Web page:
Video: Stephen Colbert Ponders Rising Tensions in Middle East, Arrival of U.S. Military—'The Worst Throwback Thursday Ever!'

Late night comedy host Stephen Colbert has lampooned the administration of President Donald Trump, drawing comparisons between growing tensions between the U.S. and Iran to the run-up to the U.S.'s invasion of Iraq more than a decade earlier.

“Rising tensions in the Middle East, American military move to the region based on questionable intelligence? The worst throwback Thursday ever,” The Late Show host joked, prompting cheers from the audience.

Earlier, Colbert joked that a potential conflict with Iran would draw attention from the president's current trade war with China, throwing in a mocking reference to Trump's calls for a greater military presence on the southern border with Mexico.

“There is nothing better for taking your mind off a looming trade war than a looming war-war,” the comedian said, opening the segment. “The administration sent an aircraft carrier, a bomber group and other warships to the Persian Gulf region. They were deployed from their previous assignment patrolling the Mexican border,” he added.

Comedian Stephen Colbert
Comedian Stephen Colbert on stage during the 2019 Montclair Film Festival at the Wellmont Theater on May 4, 2019 in Montclair, New Jersey. Lars Niki/Getty Images for 2019 Montclair Film Festival

The late night comedy show host also made more direct comparisons to the build-up to the war in Iraq, comparing Secretary of State Mike Pompeo's failure to present credible evidence of the Iranian threat to Colin Powell's lobbying of the United Nations in 2003.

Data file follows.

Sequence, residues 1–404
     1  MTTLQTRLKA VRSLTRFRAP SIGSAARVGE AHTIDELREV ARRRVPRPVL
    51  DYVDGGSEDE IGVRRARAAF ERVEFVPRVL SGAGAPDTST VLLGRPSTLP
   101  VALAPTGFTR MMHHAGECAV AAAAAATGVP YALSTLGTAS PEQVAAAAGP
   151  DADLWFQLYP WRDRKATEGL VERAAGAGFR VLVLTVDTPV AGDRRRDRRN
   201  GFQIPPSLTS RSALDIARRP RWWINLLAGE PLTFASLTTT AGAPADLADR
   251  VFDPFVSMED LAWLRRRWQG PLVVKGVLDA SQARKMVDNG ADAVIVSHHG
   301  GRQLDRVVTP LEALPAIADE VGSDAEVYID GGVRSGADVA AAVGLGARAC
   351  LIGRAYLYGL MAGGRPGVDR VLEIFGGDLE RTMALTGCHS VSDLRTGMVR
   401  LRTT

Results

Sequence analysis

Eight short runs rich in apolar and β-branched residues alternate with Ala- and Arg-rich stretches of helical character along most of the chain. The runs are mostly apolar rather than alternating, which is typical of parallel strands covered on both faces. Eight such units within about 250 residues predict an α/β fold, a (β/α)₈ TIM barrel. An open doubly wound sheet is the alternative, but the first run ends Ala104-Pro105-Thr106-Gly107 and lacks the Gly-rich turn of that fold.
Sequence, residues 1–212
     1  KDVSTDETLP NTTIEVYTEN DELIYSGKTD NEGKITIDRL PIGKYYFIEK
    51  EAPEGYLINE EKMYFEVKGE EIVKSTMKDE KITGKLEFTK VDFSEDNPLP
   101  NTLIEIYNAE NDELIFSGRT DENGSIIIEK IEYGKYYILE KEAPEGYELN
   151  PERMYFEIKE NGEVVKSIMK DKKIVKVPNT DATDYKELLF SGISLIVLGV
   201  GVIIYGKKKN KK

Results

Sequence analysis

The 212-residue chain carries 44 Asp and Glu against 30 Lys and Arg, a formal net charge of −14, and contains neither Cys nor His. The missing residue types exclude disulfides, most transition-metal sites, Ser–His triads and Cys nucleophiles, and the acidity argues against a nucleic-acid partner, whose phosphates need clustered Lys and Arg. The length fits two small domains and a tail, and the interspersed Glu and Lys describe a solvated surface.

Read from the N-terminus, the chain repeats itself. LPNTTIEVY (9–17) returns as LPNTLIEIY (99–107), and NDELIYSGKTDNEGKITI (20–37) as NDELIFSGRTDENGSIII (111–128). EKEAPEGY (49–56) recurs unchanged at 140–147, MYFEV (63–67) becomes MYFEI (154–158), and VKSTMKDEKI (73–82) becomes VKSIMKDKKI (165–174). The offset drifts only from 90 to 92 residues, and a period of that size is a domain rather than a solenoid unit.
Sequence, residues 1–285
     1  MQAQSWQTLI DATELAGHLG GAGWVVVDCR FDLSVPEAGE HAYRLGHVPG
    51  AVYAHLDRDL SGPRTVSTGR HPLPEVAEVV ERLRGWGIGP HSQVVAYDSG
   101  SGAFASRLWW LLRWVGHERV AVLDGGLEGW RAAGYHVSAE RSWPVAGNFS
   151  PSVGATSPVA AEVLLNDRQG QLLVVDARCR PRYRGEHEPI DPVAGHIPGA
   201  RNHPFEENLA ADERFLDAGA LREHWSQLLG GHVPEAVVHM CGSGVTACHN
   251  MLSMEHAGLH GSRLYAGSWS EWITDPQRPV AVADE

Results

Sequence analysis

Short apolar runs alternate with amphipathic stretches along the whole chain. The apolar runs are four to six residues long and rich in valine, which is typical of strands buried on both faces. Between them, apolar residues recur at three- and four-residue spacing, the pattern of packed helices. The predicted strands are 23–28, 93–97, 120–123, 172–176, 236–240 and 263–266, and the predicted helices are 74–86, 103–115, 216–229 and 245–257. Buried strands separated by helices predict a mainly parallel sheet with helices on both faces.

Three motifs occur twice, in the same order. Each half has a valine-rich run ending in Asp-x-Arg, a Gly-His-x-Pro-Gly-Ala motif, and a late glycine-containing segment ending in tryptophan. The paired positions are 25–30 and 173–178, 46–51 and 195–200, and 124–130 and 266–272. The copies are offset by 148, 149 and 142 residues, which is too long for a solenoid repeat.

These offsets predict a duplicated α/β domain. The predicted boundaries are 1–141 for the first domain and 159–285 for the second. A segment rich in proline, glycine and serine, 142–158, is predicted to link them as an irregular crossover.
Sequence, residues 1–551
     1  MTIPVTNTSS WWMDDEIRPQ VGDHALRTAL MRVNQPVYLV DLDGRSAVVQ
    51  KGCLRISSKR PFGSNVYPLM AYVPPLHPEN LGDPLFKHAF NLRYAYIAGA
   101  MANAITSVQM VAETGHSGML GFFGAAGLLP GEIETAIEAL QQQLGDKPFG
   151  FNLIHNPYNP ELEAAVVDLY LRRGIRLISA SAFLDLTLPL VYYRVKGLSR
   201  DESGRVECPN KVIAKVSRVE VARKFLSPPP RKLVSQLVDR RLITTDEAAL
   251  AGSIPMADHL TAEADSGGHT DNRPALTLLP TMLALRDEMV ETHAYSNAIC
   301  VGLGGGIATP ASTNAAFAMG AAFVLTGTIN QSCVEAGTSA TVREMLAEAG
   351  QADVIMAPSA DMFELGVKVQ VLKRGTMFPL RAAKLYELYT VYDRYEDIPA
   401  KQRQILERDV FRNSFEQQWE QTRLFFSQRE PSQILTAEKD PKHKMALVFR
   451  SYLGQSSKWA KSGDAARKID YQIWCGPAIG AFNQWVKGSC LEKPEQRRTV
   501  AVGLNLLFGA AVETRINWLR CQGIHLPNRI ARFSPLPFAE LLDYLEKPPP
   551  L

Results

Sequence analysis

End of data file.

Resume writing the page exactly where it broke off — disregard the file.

“Pompeo went to Brussels this week to explain to our allies why the U.S. is so concerned about Iran,” Colbert said. “But, European officials say that Pompeo didn't show us any evidence. Well that is not right, we know that if you want to make a case for a war in the Middle East you have to present air-tight evidence like this vial full of Sweet'n Low,” he added, cutting to an image of the former Secretary of State holding a model vial of anthrax while addressing the UN Security Council.

Washington has been on a collision course with Tehran for over 12 months, after Trump withdrew the United States from a 2015 nuclear deal with Iran that had ushered in a period of rapprochement with the Islamic Republic.

However, relations have reached a nadir since May 5 when the United States announced it would be moving the the USS Abraham Lincoln Carrier Strike Group to the Persian Gulf. Since then, four oil tankers and infrastructure belonging to Iran's rival, Saudi Arabia, have been targeted in the nearby area.

Despite bellicose statements on both sides, the Associated Press reported Thursday that the president had said he hoped current friction would not lead to war. "I'm sure that Iran will want to talk soon," Trump wrote in a tweet Wednesday, reiterating his belief that fresh sanctions imposed on Tehran and the Iranian regime's desire for economic relief will ultimately bring them to the negotiating table.